First, let us start by defining blended or hybrid telehealth. As the name suggests, blended or hybrid telehealth is a combination of traditional face-to-face clinical encounters blended with virtual or telehealth encounters. When possible, it is best to have an initial meeting face-to-face, then move to telehealth meetings. Studies and experience have demonstrated that while using telehealth, occasional face-to-face meetings mixed with telehealth meetings is more efficacious.

Telehealth Tips

(Updated 8/2/2021)

While some of you have been using teletherapy for a long time, many therapists have had to switch over very quickly from in-person consultations, to online or telephone consultations. Below are tips that can be of use to you in providing teletherapy, whether you have been practicing it for a long time, or you are brand new to the process.

Center for Victims of Torture Literature Selection Q2 2021

This document is a resource for current literature, April - June, on the topic of the mental health status of and treatments for torture survivors, war trauma survivors, refugees, and asylum seekers. This also includes research in the area of social work that relates directly to the psychological well-being of these populations. The compilation below includes peer reviewed journal article citations in these areas and links to the publicly available abstracts and full text versions of these articles. It does not currently include articles on policy and advocacy.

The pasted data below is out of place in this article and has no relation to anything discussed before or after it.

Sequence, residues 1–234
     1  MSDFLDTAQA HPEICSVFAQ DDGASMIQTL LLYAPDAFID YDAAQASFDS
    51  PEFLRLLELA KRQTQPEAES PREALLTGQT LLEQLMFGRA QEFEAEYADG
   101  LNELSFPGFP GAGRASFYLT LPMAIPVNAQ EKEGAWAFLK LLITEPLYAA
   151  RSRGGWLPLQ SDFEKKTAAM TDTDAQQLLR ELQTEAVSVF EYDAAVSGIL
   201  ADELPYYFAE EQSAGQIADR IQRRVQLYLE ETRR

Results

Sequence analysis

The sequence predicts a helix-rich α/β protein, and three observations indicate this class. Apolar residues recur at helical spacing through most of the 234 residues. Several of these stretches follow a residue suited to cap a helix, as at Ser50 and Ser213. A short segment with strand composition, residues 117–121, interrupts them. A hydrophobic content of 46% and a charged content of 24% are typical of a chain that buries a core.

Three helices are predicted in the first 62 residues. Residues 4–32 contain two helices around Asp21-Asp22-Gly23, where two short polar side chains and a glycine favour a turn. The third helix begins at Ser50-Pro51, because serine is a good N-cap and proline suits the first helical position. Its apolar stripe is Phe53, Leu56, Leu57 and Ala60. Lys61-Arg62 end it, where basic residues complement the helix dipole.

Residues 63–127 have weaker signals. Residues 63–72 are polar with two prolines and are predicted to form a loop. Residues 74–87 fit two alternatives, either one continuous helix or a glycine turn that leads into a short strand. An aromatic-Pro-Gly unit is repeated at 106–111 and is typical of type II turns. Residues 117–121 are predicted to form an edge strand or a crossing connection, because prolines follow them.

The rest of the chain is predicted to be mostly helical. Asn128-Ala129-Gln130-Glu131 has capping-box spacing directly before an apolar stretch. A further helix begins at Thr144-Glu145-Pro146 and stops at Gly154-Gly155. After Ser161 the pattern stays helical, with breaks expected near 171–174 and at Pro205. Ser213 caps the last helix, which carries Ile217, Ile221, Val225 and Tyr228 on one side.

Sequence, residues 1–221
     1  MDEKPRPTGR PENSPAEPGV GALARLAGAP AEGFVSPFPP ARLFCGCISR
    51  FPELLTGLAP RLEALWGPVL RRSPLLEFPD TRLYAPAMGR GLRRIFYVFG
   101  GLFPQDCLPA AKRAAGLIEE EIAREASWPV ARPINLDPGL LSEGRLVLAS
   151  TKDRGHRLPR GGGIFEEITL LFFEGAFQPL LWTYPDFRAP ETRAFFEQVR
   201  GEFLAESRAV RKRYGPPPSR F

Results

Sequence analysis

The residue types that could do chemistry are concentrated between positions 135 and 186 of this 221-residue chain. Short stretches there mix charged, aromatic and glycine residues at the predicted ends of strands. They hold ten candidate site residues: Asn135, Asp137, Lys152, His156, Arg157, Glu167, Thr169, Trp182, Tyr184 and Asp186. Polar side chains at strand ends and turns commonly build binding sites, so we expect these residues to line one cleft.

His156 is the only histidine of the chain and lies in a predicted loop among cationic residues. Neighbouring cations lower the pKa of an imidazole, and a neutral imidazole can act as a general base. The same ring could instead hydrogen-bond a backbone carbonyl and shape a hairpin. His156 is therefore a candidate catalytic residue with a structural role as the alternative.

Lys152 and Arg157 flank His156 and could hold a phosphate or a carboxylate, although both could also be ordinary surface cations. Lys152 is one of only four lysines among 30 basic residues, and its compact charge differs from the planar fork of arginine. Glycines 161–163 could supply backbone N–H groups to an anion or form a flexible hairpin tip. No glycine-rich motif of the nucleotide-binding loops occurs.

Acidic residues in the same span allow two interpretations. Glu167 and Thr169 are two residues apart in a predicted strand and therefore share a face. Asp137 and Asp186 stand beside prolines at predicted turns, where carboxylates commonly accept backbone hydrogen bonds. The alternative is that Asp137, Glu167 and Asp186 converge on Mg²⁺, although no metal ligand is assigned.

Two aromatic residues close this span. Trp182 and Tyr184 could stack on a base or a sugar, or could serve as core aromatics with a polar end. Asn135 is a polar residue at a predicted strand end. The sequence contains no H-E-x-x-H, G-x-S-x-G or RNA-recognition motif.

COVID-19 Guidance on Re-Opening or Expanding In-Person Services

Many SoT programs are contemplating re-opening or expanding in-person services in the near future and may have questions about doing that safely and ethically. At this point, there is no blanket guidance for federal grantees other than following the CDC, state, and local guidelines.  Below are some preliminary thoughts that have come from our friends at ORR that may be useful. This will also be a topic in the next ORR Virtual Town Meeting for SoT grantee organizations.

Masks are still required in healthcare settings, schools, and public transportation.

In general, social service providers

Supporting ORR's UC Program

Dear Resettlement Agencies and Refugee Program Discretionary Grantees,

The Office of Refugee Resettlement (ORR) has learned that there is a strong interest to support increasing provider participation in the Unaccompanied Children (UC) program. ORR is working diligently to expand our licensed bed capacity and other support resources, and we recognize that a lot of you have been fielding questions about this, or are interested in helping yourself, and we hope that the following information will be helpful to you. 

Below are categories and options for an organization to work with the ORR to expand